Sexual Refusal: The Complicated Truth

CW: Sexual assault, rape, sexual coercion


We have at this stage all heard reactions to the allegations against Aziz Ansari. For many this account was uncomfortable, not because it was particularly graphic or violent, but rather it occupies a more grey area of understanding when it comes to sexual violations. It is worrying to me that so many people do not believe that the sexual refusals offered by the girl in the story were enough to be picked up on by Ansari. This demonstrates the dangerous continued existence of the miscommunication model in both academia and the wider world. The miscommunication model suggests that sexual assault are most often a result of a miscommunication, somewhat explained by gendered differences in communication. Research collected over decades categorically invalidates this model. Nonetheless, the lack of an explicit no in the scenario recounted has presented a stumbling block for many responding to this article. This is understandable given that so much of our sexual education and public awareness campaigns relating to sexual safety centre around the core message of “no means no.” Explicit communication of a refusal is presented as an infallible and simple defence against unwanted sexual advances. However, this understanding is simplistic to the point of dangerous, and does not account for social realities, namely, that we don't like saying no and we certainly don’t like hearing it. By suggesting that saying no is the only appropriate or admissible form of sexual refusal, a loophole is created for sexual perpetrators.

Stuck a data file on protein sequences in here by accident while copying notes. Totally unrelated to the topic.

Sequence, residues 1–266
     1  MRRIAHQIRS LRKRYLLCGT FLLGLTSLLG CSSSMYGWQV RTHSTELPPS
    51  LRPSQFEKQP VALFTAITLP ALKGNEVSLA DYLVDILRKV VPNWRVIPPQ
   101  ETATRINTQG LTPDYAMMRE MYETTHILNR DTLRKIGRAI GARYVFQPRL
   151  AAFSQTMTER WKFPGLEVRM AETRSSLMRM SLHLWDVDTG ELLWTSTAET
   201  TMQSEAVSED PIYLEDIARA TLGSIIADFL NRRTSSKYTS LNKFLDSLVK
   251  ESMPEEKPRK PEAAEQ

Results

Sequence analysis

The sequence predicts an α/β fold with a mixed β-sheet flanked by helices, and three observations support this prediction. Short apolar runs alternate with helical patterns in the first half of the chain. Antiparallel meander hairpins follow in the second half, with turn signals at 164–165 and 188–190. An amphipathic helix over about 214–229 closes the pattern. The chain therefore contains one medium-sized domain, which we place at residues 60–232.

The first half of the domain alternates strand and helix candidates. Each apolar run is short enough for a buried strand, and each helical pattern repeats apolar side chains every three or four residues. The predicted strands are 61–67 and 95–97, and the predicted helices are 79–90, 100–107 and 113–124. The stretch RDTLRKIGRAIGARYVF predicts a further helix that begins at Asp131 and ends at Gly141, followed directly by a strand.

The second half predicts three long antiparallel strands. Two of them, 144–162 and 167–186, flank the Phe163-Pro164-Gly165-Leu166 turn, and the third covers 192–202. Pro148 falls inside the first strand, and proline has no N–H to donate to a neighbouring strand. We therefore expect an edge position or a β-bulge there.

Acts of sexual violence or violation are minimised to matters of miscommunication or misunderstanding. This is advantageous to those committing offences and does nothing to actually counter an endemic of sexual violence. A few key points I would like to raise; 

1. While acceptance may typically involve just saying yes, refusal almost never consists of a simple no. Cultural and conversational rules do not allow for or in any way normalise direct refusals. Simply saying ‘no’ is most likely to be interpreted as rude, foolish, or cruel and can have the opposite of the desired effect. Young women who respond to unwanted sexual pressure using non-verbal cues, indirect diversion, or qualifiers are following absolutely normal and standard conversational patterns for refusal. 

2. Women are most likely to offer a sexual refusal that is not related to their unwillingness, or lack of desire for sex. Most often women will offer external circumstances as to why sex is impossible (I don’t feel well, I have my period, I have work early) or to delay sexual activity (maybe next time, maybe later, can we take this slow). Refusals are usually coupled with compliments or appreciation (I really like you, but…, I’m very flattered, but…) and at times sex can be refused with a kind of ‘yes’ which is actually normatively understood as a refusal. 

3. While this may seem complicated, there is a significant body of research to support that both men and women have a sophisticated ability to convey and to comprehend refusals, including refusals which do not include the word ‘no’. Male claims not to have ‘understood’ refusals which conform to culturally normative patterns should only be heard as self-interested justifications for coercive behaviour.